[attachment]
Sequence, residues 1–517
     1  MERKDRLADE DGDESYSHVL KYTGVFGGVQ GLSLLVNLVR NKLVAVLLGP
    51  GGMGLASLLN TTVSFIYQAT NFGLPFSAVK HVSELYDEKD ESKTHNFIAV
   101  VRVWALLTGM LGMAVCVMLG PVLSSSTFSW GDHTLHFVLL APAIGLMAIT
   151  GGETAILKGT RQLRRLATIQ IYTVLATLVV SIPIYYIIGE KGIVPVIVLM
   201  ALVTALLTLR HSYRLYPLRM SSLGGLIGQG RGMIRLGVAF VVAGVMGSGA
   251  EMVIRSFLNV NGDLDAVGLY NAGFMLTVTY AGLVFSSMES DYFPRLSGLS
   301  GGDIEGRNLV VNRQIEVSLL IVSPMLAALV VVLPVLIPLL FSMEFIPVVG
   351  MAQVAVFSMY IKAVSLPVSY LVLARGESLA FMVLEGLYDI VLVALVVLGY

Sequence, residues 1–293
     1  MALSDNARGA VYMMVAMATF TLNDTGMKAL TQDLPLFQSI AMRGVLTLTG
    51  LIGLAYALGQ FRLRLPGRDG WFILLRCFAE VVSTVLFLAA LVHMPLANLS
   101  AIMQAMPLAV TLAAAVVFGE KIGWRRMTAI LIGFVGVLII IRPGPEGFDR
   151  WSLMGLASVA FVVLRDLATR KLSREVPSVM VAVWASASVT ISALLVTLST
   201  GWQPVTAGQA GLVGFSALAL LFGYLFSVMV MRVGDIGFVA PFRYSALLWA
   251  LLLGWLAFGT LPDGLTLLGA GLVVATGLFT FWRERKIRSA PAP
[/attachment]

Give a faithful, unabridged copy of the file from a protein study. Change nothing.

Sequence, residues 1–517
     1  MERKDRLADE DGDESYSHVL KYTGVFGGVQ GLSLLVNLVR NKLVAVLLGP
    51  GGMGLASLLN TTVSFIYQAT NFGLPFSAVK HVSELYDEKD ESKTHNFIAV
   101  VRVWALLTGM LGMAVCVMLG PVLSSSTFSW GDHTLHFVLL APAIGLMAIT
   151  GGETAILKGT RQLRRLATIQ IYTVLATLVV SIPIYYIIGE KGIVPVIVLM
   201  ALVTALLTLR HSYRLYPLRM SSLGGLIGQG RGMIRLGVAF VVAGVMGSGA
   251  EMVIRSFLNV NGDLDAVGLY NAGFMLTVTY AGLVFSSMES DYFPRLSGLS
   301  GGDIEGRNLV VNRQIEVSLL IVSPMLAALV VVLPVLIPLL FSMEFIPVVG
   351  MAQVAVFSMY IKAVSLPVSY LVLARGESLA FMVLEGLYDI VLVALVVLGY

Sequence, residues 1–293
     1  MALSDNARGA VYMMVAMATF TLNDTGMKAL TQDLPLFQSI AMRGVLTLTG
    51  LIGLAYALGQ FRLRLPGRDG WFILLRCFAE VVSTVLFLAA LVHMPLANLS
   101  AIMQAMPLAV TLAAAVVFGE KIGWRRMTAI LIGFVGVLII IRPGPEGFDR
   151  WSLMGLASVA FVVLRDLATR KLSREVPSVM VAVWASASVT ISALLVTLST
   201  GWQPVTAGQA GLVGFSALAL LFGYLFSVMV MRVGDIGFVA PFRYSALLWA
   251  LLLGWLAFGT LPDGLTLLGA GLVVATGLFT FWRERKIRSA PAP